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Limbus Fossae Ovalis
Cardiovascular System

Limbus Fossae Ovalis

Limbus fossae ovalis

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The fossa ovalis is a shallow depression on the interatrial septum. It's surrounded by a prominent rim called the limbus fossae ovalis, which is formed by infoldings of the atrial walls and contains extracardiac adipose tissue.

The fossa ovale and its limbus sits superiorly and to the left of the opening of the inferior vena cava. In fetal development this represents the foramen ovale which shunts blood away from the pulmonary circulation to bypass the immature fetal lungs.

The foramen closes postnatally once the lungs become functional. The fossa ovalis may remain patent in 15–25% of adults (Moore et al., 2013). A patent foramen ovale is most distinct in the upper margin of the fossa.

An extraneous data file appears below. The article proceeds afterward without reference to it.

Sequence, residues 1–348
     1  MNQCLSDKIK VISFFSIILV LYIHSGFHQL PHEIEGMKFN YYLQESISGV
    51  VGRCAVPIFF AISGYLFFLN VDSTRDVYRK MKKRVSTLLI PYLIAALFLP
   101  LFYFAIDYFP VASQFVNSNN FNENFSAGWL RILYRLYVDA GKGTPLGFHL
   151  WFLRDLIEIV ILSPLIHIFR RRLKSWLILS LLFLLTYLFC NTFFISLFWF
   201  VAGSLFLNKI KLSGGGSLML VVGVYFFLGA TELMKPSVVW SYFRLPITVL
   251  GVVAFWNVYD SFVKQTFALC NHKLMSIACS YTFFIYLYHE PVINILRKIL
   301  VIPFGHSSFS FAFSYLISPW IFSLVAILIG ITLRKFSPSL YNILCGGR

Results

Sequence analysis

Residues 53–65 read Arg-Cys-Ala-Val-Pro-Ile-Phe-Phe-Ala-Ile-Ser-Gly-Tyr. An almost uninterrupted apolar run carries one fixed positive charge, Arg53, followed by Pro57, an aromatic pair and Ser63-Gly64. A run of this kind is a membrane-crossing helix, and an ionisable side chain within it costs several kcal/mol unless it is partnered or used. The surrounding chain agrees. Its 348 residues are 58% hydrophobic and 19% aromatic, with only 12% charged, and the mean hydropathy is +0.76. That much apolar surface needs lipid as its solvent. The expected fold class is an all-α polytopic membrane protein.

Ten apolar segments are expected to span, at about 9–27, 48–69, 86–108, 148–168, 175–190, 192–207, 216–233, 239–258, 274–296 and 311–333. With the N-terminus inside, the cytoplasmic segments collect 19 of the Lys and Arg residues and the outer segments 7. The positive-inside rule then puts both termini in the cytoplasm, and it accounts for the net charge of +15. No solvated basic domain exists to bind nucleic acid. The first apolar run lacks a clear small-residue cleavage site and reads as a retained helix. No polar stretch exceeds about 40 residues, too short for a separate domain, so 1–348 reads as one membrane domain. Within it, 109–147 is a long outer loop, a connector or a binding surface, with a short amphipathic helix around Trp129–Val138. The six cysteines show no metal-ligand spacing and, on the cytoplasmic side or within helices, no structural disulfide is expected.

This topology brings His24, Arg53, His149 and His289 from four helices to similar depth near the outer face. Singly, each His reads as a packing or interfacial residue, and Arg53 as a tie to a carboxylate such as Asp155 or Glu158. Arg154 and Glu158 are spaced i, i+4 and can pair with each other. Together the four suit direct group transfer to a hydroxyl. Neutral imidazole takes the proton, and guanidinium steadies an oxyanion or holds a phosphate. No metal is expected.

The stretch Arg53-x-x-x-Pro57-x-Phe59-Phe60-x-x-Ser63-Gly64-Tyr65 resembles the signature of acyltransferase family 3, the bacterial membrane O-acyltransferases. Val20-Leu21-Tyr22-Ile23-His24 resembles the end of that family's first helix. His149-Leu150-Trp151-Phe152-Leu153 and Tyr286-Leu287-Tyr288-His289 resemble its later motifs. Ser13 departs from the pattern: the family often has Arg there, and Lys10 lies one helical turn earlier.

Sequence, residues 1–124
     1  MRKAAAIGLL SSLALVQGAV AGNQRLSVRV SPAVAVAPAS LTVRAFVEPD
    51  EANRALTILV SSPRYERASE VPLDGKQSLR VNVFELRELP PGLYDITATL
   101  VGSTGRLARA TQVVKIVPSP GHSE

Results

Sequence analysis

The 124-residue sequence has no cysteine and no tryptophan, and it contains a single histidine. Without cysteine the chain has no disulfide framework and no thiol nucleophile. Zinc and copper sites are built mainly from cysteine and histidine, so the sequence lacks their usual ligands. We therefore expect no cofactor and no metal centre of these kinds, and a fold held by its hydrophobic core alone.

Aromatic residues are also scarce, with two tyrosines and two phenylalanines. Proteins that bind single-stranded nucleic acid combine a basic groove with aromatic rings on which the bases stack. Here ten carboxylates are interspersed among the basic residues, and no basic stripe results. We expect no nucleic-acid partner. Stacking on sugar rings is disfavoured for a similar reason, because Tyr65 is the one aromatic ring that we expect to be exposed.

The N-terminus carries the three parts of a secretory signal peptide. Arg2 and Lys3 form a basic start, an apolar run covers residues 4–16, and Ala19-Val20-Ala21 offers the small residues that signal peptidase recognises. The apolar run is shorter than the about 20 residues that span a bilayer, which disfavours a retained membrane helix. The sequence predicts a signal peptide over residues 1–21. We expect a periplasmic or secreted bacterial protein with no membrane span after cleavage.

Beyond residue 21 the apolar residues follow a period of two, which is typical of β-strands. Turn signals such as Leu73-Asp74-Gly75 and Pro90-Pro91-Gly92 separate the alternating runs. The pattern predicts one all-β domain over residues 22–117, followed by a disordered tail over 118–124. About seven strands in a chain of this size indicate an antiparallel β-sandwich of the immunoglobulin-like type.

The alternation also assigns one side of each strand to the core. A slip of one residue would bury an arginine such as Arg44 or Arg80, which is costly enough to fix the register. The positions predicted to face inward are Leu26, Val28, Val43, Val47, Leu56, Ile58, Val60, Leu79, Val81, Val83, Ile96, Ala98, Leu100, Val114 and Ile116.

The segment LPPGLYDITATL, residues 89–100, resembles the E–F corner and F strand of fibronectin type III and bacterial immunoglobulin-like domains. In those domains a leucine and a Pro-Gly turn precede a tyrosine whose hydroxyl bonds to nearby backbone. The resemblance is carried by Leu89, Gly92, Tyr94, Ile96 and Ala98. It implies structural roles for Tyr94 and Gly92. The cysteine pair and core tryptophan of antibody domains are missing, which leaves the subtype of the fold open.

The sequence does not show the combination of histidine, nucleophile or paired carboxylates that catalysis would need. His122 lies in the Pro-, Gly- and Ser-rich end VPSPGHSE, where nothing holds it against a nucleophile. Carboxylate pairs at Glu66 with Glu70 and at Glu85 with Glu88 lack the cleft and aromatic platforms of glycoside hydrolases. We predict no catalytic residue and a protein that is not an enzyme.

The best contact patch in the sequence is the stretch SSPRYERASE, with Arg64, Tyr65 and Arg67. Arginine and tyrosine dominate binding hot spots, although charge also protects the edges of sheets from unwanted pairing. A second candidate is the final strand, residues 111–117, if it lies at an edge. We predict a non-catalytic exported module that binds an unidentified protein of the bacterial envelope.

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Moore, K. L., Dalley, A. F. and Agur, A. M. R. (2013) Clinically Oriented Anatomy. Clinically Oriented Anatomy 7th edn.: Wolters Kluwer Health/Lippincott Williams & Wilkins.

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Corneal Limbus

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A limbus vertebra is an oblique radiolucent cleft at a superior (or occasionally inferior) corner of a vertebral body anteriorly.

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